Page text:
Does the most common vaginal infection relate to infertility, or can it put an existing pregnancy at risk? Here's what you need to know.
Read more »
Looks like longer is better when it comes to the timeline of riding in a rear-facing car seat, according to a new policy statement from the American Academy of Pediatrics. The New York Times reports that the leading pediatricians' group is advising that children should ride in rear-facing car seats longer, until they are 2 years old instead of 1. The National Highway Traffic Safety Administration issued a separate statement recommending the same timeline.
The guideline change, which was published online in the journal Pediatrics, comes as a result of new research showing that children younger than 2 are 75 percent less likely to die or be severely injured in a crash if they're in rear-facing car seats, the Times article says. The policy statement's lead author was quoted as saying that a rear-facing seat is better at supporting the head, neck and spine of infants and toddlers in a crash because "it distributes the force of the collision over the entire body."
According to the same article, both groups say an older child who has outgrown front-facing car seats should ride in booster seats until the lap-shoulder belt fits him or her when the child reaches 4 feet, 9 inches tall and is 8 to 12 years old.
The AAP's previous policy "cited 12 months and 20 pounds as the minimum requirements for turning the car seat forward."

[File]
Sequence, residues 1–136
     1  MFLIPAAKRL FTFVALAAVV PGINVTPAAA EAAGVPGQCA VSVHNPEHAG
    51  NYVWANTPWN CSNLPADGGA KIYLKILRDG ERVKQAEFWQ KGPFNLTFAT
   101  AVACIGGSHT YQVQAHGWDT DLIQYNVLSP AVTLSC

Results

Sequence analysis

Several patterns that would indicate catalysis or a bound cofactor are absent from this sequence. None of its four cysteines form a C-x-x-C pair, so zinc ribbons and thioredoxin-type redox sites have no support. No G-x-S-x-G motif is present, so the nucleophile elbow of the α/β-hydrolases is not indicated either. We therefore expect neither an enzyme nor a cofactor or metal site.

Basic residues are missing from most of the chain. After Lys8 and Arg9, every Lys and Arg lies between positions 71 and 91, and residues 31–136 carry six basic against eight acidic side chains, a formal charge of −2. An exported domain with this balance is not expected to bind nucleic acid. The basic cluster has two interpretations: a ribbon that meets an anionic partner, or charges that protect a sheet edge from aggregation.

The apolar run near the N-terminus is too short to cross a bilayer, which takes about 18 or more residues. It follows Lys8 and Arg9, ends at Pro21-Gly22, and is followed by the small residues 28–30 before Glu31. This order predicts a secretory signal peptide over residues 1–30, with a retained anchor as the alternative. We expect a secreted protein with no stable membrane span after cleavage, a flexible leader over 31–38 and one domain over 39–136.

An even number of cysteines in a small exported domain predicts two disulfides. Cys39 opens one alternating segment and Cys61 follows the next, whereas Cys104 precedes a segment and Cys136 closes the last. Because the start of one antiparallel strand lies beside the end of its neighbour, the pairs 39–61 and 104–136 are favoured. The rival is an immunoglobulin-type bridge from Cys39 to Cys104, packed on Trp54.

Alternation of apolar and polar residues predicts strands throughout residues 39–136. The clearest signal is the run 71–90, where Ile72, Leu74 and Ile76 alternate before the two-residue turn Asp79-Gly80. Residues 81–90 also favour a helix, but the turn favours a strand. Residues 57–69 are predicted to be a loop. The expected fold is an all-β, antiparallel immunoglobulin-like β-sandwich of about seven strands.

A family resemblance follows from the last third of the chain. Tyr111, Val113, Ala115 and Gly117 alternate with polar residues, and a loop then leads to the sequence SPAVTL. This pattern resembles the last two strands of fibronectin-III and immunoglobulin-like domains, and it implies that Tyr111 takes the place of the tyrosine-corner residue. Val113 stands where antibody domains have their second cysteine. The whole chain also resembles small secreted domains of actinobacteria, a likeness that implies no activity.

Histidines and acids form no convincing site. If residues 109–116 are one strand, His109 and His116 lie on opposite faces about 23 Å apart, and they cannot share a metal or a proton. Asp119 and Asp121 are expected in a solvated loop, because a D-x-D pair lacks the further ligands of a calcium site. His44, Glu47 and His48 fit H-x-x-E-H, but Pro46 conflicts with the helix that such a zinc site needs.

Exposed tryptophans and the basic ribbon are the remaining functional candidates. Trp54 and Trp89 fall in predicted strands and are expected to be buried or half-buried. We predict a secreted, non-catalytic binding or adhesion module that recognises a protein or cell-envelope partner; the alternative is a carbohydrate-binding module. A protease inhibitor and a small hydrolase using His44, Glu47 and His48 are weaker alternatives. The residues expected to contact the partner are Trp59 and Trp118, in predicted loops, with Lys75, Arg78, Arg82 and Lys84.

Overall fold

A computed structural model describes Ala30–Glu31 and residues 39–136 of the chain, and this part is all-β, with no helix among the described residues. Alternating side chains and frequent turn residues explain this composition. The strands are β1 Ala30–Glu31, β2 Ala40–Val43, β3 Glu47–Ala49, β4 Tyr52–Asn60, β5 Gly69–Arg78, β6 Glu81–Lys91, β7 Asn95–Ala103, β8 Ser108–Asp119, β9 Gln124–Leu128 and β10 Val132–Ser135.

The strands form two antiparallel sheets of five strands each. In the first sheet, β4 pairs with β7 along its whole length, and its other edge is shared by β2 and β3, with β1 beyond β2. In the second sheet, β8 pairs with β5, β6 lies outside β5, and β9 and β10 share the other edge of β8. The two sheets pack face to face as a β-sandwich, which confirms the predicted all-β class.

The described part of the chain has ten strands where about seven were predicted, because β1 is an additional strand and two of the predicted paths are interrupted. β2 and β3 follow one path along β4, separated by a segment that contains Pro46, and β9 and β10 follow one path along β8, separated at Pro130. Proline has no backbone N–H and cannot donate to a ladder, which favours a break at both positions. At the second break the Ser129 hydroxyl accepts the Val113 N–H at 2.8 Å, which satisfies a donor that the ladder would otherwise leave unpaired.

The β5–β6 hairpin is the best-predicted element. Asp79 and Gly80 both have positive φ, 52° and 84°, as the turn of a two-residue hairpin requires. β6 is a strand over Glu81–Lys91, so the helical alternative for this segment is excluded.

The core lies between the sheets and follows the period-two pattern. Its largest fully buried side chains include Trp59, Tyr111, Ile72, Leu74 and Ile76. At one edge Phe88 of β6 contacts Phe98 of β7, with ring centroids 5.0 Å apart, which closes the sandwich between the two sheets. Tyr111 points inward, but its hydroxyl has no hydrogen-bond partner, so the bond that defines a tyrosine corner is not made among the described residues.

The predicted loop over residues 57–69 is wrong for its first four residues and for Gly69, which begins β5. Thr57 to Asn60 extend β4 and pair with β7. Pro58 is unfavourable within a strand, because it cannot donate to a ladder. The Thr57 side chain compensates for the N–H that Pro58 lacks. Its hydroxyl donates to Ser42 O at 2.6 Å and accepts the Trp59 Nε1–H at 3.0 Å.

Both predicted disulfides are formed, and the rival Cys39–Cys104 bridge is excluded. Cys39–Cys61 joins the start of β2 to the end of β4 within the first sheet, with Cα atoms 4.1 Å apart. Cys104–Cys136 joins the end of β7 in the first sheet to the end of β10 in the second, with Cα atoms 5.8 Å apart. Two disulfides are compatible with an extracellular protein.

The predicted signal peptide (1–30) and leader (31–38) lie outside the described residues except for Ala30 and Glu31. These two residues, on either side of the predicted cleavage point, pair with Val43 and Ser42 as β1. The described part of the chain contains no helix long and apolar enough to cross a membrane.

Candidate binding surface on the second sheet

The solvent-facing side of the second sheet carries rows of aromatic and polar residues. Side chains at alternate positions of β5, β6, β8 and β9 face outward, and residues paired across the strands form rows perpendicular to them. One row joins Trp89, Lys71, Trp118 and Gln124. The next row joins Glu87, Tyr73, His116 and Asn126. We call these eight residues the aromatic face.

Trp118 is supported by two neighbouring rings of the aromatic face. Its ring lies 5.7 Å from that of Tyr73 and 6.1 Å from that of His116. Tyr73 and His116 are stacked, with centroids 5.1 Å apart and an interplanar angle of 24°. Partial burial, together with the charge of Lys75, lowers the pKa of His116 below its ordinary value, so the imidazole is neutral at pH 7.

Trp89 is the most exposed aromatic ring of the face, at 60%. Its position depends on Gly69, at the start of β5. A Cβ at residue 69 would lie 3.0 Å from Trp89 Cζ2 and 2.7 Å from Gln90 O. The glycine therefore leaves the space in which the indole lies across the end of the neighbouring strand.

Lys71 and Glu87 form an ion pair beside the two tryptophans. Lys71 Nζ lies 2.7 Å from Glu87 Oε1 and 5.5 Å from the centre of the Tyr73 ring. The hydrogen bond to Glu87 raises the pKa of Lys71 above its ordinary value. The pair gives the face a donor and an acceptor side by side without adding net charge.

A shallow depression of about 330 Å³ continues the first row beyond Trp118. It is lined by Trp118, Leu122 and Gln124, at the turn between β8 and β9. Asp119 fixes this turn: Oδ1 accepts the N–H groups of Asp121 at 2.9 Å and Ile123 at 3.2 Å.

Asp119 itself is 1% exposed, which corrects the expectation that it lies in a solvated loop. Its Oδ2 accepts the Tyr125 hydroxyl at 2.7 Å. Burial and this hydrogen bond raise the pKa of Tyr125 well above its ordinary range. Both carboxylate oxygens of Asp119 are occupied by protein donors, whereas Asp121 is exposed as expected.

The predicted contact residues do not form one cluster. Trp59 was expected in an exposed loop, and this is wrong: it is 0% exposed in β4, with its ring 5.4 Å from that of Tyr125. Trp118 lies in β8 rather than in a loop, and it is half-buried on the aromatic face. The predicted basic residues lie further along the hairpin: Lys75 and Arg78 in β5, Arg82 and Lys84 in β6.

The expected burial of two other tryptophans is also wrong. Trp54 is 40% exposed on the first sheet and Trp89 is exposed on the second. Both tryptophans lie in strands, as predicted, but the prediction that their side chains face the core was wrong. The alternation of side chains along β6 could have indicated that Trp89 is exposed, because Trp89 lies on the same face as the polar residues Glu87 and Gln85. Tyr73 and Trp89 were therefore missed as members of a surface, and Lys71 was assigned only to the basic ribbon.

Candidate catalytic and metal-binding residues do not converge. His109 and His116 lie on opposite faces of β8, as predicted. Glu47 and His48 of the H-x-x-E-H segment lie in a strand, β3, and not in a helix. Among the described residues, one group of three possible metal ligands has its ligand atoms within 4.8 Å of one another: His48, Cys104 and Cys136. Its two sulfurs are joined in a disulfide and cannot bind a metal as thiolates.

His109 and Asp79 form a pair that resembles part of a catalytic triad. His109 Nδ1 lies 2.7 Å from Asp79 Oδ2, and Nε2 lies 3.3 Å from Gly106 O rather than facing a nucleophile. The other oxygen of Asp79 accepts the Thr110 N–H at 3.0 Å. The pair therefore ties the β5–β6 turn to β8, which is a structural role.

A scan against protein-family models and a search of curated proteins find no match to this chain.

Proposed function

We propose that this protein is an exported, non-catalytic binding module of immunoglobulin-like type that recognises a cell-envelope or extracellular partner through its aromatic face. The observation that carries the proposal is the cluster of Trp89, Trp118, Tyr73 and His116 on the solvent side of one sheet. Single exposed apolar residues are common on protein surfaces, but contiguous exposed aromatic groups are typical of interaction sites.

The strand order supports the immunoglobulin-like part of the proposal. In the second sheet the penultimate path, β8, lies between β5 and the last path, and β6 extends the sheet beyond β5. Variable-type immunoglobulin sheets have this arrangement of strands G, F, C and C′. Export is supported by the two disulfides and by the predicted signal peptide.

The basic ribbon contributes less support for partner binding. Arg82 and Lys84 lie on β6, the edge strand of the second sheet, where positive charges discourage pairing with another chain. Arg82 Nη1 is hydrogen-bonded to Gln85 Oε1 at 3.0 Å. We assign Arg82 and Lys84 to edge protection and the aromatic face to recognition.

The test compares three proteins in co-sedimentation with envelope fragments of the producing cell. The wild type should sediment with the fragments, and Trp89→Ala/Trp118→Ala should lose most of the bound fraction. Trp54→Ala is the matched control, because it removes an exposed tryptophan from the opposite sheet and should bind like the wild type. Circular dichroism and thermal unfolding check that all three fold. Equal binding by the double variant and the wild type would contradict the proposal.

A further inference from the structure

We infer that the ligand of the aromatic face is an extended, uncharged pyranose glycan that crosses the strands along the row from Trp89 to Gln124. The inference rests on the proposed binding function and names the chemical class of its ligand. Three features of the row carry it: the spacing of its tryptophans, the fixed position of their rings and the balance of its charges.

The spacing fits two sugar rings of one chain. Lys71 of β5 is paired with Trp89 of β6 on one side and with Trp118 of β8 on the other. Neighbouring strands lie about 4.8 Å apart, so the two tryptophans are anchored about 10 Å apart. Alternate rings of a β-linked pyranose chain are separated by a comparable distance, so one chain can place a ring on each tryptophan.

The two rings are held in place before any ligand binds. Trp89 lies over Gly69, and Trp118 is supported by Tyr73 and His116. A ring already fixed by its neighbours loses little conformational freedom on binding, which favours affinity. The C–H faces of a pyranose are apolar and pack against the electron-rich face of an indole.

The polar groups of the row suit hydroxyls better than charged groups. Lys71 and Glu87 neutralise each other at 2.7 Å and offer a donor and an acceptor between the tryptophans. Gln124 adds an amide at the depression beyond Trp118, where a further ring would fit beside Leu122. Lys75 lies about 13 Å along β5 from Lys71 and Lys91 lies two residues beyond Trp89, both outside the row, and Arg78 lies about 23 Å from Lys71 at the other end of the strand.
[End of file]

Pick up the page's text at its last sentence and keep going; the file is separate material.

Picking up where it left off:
And what about when a rear-facing child's legs start growing? Time magazine reports that "most car seat manufacturers have reconfigured their child restraints, deepening the seats so that nearly all can accommodate children up to 35 pounds, a weight most children don't reach until age 2." However, judging from the reader comments in The New York Times on this topic, most parents are simply going to have the child ride with his or her legs bent. Better safe than sorry, seems to be the consensus.
A car seat is one of the most important gear purchases you're going to make as a new parent. With so many options available, deciding which car seat to register for and/or buy can be a challenge. Check out our top editor picks for car seats in our latest 2011 Buyer's Guide.
Parents should read the car seat manuals thoroughly because our experts found that 3 out of 4 car seats are installed incorrectly. Head over to our How To Install A Car Seat page to see step-by-step photo instructions plus links to other resources.
So learn how to do this before the baby is born because hospitals require new parents to have a car seat before being allowed to leave. However, workers are not allowed to help you install it for liability reasons.